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In Oakland, prisoner release already the norm

on February 20, 2009

By Casey Miner/Oakland North

Dr. Barry Krisberg is an expert on released prisoners in a city that’s full of them. Of the 12,000 people on parole or probation in Alameda County, roughly half live in Oakland, though the city is home to only a third of the county’s residents. Given those numbers, Krisberg, president of the Oakland-based National Council on Crime and Delinquency, says a few more released inmates—which is what the city may get if the state is forced to release thousands of people from overcrowded prisons—won’t hurt.

“We’re already releasing people all the time,” he says. “The only difference with this is that people who would have gotten out in June will get out in March.”

While corrections officers and law-and-order types have insisted that any court-ordered release would pose an unacceptable threat to public safety—governor Schwarzenegger has said he will take the case to the US Supreme Court—the reality in Oakland is that the system is already strained. Statistically, says Krisberg, such a release is not likely to change crime rates or increase recidivism (the number of former inmates who return to prison). That’s largely because California’s recidivism rate is already the highest in the country: 70 percent of inmates are back in prison within three years.

Part of the reason, says Vernell Crittendon, a former corrections officer at San Quentin who now spends his time working to rehabilitate former inmates, is that prisoners receive very little support while they’re incarcerated; when they get out, they’re released back into the communities they came from. According to the Alameda County Reentry Network, a local task force that deals with inmate reentry issues, most of Oakland’s former inmates move back into the high-crime, low-income neighborhoods of East and West Oakland.

In that kind of environment, says Crittendon, people who have already made bad choices will continue to make them. And their home environments, already less than ideal, are probably even worse thanks to the recession.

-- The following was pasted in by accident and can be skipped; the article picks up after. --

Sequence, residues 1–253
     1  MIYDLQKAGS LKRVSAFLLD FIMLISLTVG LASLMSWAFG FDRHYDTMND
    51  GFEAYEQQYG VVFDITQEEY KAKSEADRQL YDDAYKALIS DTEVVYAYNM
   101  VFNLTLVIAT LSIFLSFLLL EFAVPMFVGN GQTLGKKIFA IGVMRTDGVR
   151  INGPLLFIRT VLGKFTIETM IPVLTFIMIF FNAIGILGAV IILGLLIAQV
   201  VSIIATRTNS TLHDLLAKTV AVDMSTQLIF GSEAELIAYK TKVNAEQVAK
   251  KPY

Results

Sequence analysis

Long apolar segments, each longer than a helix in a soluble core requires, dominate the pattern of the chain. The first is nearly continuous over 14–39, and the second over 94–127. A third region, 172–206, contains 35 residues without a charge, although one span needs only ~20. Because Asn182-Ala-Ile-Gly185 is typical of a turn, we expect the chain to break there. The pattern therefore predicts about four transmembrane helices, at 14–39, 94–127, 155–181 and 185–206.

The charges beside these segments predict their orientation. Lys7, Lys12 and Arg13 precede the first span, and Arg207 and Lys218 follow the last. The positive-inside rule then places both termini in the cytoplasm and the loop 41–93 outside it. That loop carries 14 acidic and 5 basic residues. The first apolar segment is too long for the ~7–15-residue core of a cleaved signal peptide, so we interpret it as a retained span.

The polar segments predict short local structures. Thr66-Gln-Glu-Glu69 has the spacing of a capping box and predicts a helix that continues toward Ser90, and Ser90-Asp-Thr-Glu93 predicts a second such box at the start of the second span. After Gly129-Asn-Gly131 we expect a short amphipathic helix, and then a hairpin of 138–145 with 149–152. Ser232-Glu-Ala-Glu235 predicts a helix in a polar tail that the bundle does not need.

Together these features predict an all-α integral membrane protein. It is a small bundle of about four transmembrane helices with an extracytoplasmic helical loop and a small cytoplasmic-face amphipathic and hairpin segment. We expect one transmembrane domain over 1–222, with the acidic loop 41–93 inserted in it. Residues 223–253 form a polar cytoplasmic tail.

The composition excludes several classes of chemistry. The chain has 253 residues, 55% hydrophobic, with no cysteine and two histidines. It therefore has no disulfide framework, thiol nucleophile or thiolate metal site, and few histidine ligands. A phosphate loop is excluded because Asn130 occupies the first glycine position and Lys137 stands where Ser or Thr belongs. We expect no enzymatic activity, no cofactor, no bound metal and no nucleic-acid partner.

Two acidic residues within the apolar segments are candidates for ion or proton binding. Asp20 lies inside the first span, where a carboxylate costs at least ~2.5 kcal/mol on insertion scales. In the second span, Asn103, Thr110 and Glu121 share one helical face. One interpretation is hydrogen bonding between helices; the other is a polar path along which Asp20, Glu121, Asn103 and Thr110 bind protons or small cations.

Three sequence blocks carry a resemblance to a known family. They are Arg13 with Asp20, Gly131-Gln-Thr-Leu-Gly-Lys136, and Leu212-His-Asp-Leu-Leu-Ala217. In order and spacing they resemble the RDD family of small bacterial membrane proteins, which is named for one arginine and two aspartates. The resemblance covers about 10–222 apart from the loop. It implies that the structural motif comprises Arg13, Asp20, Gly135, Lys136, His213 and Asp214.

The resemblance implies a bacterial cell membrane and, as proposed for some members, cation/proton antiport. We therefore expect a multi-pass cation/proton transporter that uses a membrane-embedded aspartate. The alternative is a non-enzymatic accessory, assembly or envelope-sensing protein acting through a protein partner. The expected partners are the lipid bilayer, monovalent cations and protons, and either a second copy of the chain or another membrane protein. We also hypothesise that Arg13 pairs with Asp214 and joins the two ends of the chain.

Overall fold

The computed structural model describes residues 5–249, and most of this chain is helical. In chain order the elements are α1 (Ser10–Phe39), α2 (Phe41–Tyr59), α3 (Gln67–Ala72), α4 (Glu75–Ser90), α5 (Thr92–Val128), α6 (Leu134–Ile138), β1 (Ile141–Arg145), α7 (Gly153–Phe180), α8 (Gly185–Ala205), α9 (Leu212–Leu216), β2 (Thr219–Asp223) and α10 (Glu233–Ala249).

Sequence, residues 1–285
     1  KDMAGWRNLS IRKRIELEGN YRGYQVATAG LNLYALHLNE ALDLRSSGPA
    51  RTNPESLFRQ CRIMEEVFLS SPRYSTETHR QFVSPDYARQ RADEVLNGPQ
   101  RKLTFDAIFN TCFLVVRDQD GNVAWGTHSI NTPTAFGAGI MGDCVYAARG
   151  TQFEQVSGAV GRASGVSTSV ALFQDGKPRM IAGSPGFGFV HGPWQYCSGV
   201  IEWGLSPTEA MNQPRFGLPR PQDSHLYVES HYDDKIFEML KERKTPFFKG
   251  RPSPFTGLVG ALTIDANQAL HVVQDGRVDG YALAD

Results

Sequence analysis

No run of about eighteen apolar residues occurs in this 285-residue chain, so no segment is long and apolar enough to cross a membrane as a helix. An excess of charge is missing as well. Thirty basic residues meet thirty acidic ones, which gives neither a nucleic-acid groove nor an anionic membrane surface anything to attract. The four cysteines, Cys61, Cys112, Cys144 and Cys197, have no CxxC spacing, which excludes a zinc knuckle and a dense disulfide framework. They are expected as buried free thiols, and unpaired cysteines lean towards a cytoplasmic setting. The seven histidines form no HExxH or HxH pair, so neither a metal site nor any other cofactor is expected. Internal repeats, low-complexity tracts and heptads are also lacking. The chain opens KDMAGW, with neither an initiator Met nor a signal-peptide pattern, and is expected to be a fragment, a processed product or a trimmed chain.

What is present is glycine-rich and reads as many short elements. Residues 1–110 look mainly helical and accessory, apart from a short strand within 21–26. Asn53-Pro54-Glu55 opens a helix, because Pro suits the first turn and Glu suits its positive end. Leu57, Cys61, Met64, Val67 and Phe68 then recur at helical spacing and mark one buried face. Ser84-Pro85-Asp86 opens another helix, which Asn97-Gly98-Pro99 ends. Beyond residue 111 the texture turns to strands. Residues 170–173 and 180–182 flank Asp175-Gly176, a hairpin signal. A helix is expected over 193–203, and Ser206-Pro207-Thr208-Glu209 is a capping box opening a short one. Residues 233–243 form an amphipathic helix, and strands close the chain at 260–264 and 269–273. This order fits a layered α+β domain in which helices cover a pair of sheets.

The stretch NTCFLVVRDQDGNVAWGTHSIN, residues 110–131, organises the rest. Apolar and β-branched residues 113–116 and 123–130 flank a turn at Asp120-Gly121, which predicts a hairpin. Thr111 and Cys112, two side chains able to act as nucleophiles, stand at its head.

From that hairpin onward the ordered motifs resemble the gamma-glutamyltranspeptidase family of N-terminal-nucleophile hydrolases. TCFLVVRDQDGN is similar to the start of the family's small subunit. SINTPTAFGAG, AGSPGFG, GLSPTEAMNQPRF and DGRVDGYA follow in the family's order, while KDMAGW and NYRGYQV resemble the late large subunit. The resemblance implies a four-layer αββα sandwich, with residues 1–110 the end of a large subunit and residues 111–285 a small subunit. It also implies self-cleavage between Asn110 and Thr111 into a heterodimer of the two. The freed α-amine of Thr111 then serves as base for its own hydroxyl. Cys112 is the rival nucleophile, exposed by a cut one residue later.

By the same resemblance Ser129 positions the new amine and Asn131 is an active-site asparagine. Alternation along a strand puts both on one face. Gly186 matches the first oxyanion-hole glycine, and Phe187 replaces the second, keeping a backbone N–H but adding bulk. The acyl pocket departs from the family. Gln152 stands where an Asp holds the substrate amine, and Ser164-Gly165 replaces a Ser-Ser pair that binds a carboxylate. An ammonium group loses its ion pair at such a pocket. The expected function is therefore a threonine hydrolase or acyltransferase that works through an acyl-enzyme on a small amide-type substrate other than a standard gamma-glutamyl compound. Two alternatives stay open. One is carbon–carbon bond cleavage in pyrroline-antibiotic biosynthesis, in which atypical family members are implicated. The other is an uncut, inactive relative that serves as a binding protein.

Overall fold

“You’re just releasing them back into an environment where even more people are out of work,” he says. “The housing crunch is the worst in low income areas. The cost of food, heating, and fuel have all gone up. If we continue to move in this direction, all we are doing is setting up 58,000 people [for failure]. There is no avenue of success for them.”

Complicating matters is the fact that low-level offenders—those most likely to be released—are in some respects also the most likely to commit new crimes. These prisoners are often younger and haven’t been incarcerated very long. “Crime is something you tend to age out of,” says Bill Heiser, program coordinator for the Oakland-based Urban Strategies Council. Heiser says most crimes are committed by young men in their twenties and early thirties. “They’re locked up, get no guidance or path, then they’re released back into the exact same context,” he says. “And we expect a different outcome.”

The federal judges based their order earlier this month on a finding that California prisons were so overcrowded that inmates were not able to receive proper physical or mental health care. But they need it: A 2008 report by the Alameda County Reentry Network found that inmates are significantly more likely to suffer from mental and physical health problems than the general population. The problem with the prison system isn’t just that it’s too crowded to get proper health care to inmates while they’re in prison—it’s that those inmates don’t receive adequate medical evaluation before release, either.

When they come back into the community, says Heiser, former inmates are often ill-equipped to meet their own medical needs. Many suffer from chronic diseases like diabetes, or have serious mental health issues, but they may not know how to access the proper services and are five times more likely than the general population to be uninsured. In short, says Heiser, they have some of the population’s greatest needs for medical care, but face the most barriers to receiving it.

“You could not design a more dysfunctional system.”

This is the first story in a two-part series on the rehabilitation of former inmates who return home to Oakland. The second part will be published Friday, March 6.

1 Comment

  1. Oakland North » Making it on March 16, 2009 at 5:11 pm

    […] parole, De Jesus was officially discharged from the rolls last September. Until then, he was one of roughly 6,000 parolees and probationers living in Oakland. Leaving the system isn’t easy for people like De […]

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